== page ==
Transform IIR lowpass filter to IIR complex N-point filter


[Num,Den,AllpassNum,AllpassDen] = iirlp2xc(B,A,Wo,Wt)


[Num,Den,AllpassNum,AllpassDen] = iirlp2xc(B,A,Wo,Wt) returns the numerator and denominator vectors, Num and Den respectively, of the target filter transformed from the real lowpass prototype by applying an Nth-order real lowpass to complex multipoint frequency transformation.

It also returns the numerator, AllpassNum, and the denominator, AllpassDen, of the allpass mapping filter. The prototype lowpass filter is given with a numerator specified by B and a denominator specified by A.

Parameter N also specifies the number of replicas of the prototype filter created around the unit circle after the transformation. This transformation effectively places N features of an original filter, located at frequencies Wo1,...,WoN, at the required target frequency locations, Wt1,...,WtM.

Relative positions of other features of an original filter are the same in the target filter for the Nyquist mobility and are reversed for the DC mobility. For the Nyquist mobility this means that it is possible to select two features of an original filter, F1 and F2, with F1 preceding F2. Feature F1 will still precede F2 after the transformation. However, the distance between F1 and F2 will not be the same before and after the transformation. For DC mobility feature F2 will precede F1 after the transformation.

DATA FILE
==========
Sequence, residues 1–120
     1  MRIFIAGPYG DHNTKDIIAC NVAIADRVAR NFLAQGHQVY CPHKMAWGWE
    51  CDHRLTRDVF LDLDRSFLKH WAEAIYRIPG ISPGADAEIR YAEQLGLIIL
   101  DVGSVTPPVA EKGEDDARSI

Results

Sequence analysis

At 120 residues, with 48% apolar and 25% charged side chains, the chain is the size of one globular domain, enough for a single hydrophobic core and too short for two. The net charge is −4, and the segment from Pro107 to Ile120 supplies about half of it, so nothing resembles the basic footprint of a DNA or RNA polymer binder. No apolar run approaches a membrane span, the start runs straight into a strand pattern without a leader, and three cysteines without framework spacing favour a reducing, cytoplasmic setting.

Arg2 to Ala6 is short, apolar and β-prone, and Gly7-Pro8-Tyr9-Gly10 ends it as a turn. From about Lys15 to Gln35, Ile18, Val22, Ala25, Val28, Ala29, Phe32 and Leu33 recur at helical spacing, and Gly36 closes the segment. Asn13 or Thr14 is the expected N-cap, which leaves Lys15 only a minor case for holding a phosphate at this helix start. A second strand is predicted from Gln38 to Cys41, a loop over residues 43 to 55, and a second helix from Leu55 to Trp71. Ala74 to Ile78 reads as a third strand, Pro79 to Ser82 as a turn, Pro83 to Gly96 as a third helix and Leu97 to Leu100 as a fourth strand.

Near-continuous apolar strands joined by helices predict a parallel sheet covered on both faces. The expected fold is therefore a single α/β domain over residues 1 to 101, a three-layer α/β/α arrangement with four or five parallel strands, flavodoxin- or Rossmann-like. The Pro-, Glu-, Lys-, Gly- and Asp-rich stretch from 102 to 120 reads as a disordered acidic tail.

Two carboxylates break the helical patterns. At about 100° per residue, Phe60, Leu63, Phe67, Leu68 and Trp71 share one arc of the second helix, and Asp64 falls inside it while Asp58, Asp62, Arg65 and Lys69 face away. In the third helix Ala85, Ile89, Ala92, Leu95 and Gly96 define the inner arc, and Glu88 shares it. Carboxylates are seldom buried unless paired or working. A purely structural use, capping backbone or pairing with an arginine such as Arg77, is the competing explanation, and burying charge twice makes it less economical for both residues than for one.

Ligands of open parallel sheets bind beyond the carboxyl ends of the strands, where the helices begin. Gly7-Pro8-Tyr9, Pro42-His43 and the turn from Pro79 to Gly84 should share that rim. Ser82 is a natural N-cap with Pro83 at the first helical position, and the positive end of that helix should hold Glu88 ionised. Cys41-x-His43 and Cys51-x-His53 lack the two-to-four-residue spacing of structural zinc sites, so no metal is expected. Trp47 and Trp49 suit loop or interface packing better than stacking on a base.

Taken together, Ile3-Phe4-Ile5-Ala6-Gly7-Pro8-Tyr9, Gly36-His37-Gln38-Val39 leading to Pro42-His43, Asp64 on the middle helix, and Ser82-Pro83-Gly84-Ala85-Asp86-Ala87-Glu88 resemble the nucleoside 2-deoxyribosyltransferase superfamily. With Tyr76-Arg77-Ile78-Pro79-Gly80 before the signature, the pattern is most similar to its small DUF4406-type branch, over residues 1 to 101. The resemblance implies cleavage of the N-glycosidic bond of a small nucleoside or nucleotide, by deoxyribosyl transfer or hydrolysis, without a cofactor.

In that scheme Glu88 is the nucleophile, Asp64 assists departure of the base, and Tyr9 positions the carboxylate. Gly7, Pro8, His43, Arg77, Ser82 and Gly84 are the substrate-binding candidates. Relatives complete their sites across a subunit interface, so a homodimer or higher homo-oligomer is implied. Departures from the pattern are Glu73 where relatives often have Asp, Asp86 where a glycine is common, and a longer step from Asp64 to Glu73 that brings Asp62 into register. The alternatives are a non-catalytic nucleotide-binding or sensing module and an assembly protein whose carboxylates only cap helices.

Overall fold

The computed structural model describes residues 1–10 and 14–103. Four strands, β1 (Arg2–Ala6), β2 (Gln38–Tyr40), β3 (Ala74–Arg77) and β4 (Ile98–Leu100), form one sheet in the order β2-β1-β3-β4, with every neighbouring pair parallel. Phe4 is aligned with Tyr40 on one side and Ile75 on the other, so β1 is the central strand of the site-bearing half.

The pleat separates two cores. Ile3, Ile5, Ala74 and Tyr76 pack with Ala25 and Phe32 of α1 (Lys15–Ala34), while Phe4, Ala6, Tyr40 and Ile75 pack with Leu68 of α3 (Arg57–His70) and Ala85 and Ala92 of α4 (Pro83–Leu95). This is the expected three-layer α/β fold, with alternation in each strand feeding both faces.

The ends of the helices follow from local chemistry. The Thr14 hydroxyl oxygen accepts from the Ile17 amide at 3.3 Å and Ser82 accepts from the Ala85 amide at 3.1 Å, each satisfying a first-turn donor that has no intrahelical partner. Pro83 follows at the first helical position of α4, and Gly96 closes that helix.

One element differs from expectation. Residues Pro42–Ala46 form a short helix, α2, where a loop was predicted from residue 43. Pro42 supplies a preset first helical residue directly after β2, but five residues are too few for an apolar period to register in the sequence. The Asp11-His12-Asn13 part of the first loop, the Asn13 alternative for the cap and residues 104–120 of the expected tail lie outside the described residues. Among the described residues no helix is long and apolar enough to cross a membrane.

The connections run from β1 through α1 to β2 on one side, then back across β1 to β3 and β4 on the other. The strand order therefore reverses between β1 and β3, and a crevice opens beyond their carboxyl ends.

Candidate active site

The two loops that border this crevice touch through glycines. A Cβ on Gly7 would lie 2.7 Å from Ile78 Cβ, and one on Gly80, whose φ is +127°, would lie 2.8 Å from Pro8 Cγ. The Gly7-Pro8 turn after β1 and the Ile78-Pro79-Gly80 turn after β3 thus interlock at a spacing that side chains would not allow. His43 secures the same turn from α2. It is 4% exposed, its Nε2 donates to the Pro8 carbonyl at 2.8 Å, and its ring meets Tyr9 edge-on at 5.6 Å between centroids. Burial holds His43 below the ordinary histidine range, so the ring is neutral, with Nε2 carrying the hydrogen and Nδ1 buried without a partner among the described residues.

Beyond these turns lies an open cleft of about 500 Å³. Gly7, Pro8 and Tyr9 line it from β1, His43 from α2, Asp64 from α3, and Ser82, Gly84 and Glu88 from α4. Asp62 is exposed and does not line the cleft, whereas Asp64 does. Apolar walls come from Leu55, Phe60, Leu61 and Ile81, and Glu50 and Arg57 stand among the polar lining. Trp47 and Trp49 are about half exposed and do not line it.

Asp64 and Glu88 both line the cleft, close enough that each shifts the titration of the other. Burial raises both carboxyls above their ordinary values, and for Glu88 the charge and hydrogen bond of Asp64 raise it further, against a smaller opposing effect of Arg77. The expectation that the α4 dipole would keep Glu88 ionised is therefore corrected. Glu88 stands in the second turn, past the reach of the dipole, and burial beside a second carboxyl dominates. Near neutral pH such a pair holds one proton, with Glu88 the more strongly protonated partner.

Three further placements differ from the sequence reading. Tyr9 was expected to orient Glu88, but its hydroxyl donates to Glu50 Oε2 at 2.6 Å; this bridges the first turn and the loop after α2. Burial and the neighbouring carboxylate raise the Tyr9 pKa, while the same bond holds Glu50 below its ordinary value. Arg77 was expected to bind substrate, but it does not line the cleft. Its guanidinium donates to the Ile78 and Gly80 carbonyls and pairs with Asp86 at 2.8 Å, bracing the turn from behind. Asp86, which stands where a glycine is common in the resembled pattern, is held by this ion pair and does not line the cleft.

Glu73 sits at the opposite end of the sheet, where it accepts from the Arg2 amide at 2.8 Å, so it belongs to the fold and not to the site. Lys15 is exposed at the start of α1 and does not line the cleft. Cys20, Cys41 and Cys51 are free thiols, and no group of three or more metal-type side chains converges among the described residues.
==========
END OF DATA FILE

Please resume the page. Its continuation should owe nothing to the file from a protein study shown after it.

Choice of the feature subject to this transformation is not restricted to the cutoff frequency of an original lowpass filter. In general it is possible to select any feature; e.g., a stopband edge, DC, the deep minimum in the stopband, or other ones. The only condition is that the features must be selected in such a way that when creating N bands around the unit circle, there will be no band overlap.

This transformation can also be used for transforming other types of filters; e.g., notch filters or resonators can be easily replicated at a number of required frequency locations. A good application would be an adaptive tone cancellation circuit reacting to the changing number and location of tones.


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Design a prototype real IIR lowpass elliptic filter with a gain of about –3 dB at 0.5π rad/sample.

[b,a] = ellip(3,0.1,30,0.409);

Transform the lowpass filter to an IIR complex N-point filter. Compare the magnitude responses of the filters using FVTool.

[num,den] = iirlp2xc(b,a,[-0.5 0.5],[-0.25 0.25])
num = 1×4 complex

   0.0643 - 0.0000i   0.0464 + 0.0000i   0.0464 + 0.0000i   0.0643 + 0.0000i

den = 1×4 complex

   1.0000 + 0.0000i  -1.6918 - 0.0000i   1.2340 + 0.0000i  -0.3207 - 0.0000i

fvt = fvtool(b,a,num,den);

The target filter has complex coefficients and is indeed a bandpass filter.



Numerator of the prototype lowpass filter.


Denominator of the prototype lowpass filter.


Frequency values to be transformed from the prototype filter. They should be normalized to be between 0 and 1, with 1 corresponding to half the sample rate.


Desired frequency locations in the transformed target filter. They should be normalized to be between -1 and 1, with 1 corresponding to half the sample rate.


Numerator of the target filter.


Denominator of the target filter.


Numerator of the mapping filter.


Denominator of the mapping filter.

See Also


Introduced in R2011a